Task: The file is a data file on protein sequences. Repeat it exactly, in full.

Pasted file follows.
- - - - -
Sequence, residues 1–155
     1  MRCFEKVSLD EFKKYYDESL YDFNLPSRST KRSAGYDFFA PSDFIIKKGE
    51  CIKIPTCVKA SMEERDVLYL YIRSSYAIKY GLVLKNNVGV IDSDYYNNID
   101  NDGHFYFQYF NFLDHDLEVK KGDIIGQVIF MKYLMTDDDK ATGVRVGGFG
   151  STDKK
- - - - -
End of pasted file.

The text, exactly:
Sequence, residues 1–155
     1  MRCFEKVSLD EFKKYYDESL YDFNLPSRST KRSAGYDFFA PSDFIIKKGE
    51  CIKIPTCVKA SMEERDVLYL YIRSSYAIKY GLVLKNNVGV IDSDYYNNID
   101  NDGHFYFQYF NFLDHDLEVK KGDIIGQVIF MKYLMTDDDK ATGVRVGGFG
   151  STDKK